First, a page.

Friday, May 29, 2009

St. Kilda Film Festival

I was blown away by the two sessions I attended this evening at the St. Kilda Film Festival. I originally intended to see just the German Shorts but was able to squeeze a session of the local films in competition also. As expected, the German session was stronger, being the best of the InterFilm Berlin Film Festival. The real surprise was how strong the Australian films are. The programming has really picked up since I last saw a local session, with less of the one-joke plots, more variety and documentaries being the strongest contenders.

The Australian shorts I saw (session 4) were:
  • Collide-A-Scope (Gregory Godhard, 3')
  • Birthday Girl (Angie Black, 6'30")
  • A Different Cut (Fahim Ahad, 9'30")
  • Home Away From Home (Riyadh Abdul Hussain, 18'37")
  • Multiple Choice (Michael Goode, 4'46")
  • One Shoe Short (Jackie van Beek, 8'17")
  • Wounded (Fiona Corke, 6'09")
  • Undressing Vanessa (Matthew Pond, 22'36")
My biggest belly laughs were with Undressing Vanessa, a documentary about Tobin Saunders, better known as drag queen/performer/social activist Vanessa Wagner. Now, I've had friends who were cross-dressers, but this cat is totally wild and over-the-top. She's an impressive character with a social and political conscience and was involved with the Pauline Pantsdown spoof of Pauline Hansen several years ago. He's also a man with HIV and the film charts his struggles to come to terms with that. If you ever get the chance, see this wonderful little gem.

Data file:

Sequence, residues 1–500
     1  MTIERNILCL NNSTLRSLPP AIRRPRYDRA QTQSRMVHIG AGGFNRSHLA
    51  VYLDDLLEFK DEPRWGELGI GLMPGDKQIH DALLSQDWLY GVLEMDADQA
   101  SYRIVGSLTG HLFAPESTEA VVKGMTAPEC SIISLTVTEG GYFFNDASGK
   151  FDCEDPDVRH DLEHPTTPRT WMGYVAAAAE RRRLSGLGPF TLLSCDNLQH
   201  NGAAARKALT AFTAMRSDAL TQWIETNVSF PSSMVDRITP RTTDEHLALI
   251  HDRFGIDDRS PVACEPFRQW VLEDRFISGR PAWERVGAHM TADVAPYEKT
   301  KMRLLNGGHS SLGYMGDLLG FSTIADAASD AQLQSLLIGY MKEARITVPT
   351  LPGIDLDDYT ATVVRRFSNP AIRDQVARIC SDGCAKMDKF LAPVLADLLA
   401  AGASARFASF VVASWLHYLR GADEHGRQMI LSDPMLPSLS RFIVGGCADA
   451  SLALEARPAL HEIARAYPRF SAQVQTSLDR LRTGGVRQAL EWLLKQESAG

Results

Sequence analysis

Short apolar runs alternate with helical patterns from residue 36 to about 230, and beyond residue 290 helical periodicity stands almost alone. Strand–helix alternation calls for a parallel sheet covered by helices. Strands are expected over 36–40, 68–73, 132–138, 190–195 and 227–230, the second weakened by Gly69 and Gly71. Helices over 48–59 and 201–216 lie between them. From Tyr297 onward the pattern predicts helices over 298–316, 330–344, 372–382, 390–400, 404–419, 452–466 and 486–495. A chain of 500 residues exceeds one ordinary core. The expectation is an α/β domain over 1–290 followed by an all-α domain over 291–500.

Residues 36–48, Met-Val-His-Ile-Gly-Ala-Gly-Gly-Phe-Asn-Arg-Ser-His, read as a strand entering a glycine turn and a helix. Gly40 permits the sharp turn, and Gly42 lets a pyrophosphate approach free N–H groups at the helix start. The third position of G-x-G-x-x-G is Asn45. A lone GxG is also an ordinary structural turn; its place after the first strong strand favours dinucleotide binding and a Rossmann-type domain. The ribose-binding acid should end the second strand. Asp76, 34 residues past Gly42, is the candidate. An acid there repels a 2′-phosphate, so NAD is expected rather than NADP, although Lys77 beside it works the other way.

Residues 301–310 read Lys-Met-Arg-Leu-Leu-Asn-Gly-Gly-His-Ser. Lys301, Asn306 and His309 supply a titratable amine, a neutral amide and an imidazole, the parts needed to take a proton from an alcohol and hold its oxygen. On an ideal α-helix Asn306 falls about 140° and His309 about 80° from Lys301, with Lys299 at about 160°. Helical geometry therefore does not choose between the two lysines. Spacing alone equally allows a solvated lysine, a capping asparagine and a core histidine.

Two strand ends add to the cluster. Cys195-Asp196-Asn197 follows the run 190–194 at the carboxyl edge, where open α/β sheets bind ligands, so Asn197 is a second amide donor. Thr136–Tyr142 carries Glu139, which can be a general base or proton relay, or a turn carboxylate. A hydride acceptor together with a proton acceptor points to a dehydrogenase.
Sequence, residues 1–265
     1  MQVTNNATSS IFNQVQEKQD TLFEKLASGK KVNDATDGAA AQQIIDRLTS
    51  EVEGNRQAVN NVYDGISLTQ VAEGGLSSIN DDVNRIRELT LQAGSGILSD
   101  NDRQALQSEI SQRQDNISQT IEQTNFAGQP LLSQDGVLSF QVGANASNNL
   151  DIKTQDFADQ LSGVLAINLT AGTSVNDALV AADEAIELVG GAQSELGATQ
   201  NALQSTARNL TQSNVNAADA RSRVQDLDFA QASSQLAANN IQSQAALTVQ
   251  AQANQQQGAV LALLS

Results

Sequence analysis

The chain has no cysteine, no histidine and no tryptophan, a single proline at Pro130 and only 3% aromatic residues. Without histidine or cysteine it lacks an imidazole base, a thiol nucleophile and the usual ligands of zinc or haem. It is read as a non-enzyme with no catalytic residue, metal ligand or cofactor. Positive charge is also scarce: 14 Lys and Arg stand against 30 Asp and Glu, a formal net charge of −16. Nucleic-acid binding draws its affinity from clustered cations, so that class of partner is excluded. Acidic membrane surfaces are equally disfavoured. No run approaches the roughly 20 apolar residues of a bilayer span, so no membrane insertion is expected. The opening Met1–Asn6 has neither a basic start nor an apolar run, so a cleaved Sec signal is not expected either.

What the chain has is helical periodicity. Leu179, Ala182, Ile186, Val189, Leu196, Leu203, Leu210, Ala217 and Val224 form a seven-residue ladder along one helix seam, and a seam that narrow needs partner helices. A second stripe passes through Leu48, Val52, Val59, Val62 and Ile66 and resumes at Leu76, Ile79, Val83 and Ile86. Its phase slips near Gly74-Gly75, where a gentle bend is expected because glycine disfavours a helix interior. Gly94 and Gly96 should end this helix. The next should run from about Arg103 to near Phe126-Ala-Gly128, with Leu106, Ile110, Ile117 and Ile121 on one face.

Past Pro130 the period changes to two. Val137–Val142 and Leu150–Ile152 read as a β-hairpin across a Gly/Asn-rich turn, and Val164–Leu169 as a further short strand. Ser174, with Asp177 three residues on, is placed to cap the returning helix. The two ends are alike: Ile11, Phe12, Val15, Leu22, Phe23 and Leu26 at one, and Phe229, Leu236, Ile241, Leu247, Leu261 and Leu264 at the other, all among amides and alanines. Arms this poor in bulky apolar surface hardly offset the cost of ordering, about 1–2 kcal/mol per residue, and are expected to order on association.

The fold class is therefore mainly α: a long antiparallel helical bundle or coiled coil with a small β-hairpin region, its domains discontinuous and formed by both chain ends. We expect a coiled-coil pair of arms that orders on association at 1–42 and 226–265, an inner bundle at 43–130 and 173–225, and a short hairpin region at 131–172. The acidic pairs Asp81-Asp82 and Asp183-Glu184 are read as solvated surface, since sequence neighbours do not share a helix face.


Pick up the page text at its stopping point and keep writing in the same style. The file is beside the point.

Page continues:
I loved that several of the films in this session had a political and/or social element to them. Home Away From Home is a very moving account of a lovely Iraqi man who worked as a marketing manager at Al-Jazeera TV and now finds himself driving a taxi in Adelaide. I couldn't help but surmise that that is how the director met him and got talking about his life. So my two favourite Australian shorts are both documentaries.

Also very strong are A Different Cut, which addresses racial prejudice, and Wounded, a story based on true accounts of former shooters who have been traumatised by their experiences of killing animals. I exchanged a few words with the director, Fiona Corke, after the session to ask her intent. It wasn't vegetarianism (which she isn't) but rather, to point out how damaging violence can be, in ways that aren't foreseen.

Collida-A-Scope is an experimental film that did nothing for me. Birthday Girl is about a woman grieving the death of her child that is OK but perhaps a little derivative (reminding me of Juliette Binoche in Paris je t'aime). One Shoe Short would make a good companion piece to Samson and Delilah, depicting aboriginal children living in poverty in Alice Springs, and recalling Iranian cinema with its focus on children. Multiple Choice is the only film that came close to that one-joke formula that I have disdain for, but it was clever enough not to be too silly and being only the one, it was quite OK.

The German shorts were:
  • Pingu Q (Kun Jia, 1’)
  • The Pick Up Artist (Der Aufreißer, Steffen Weinert, 13’)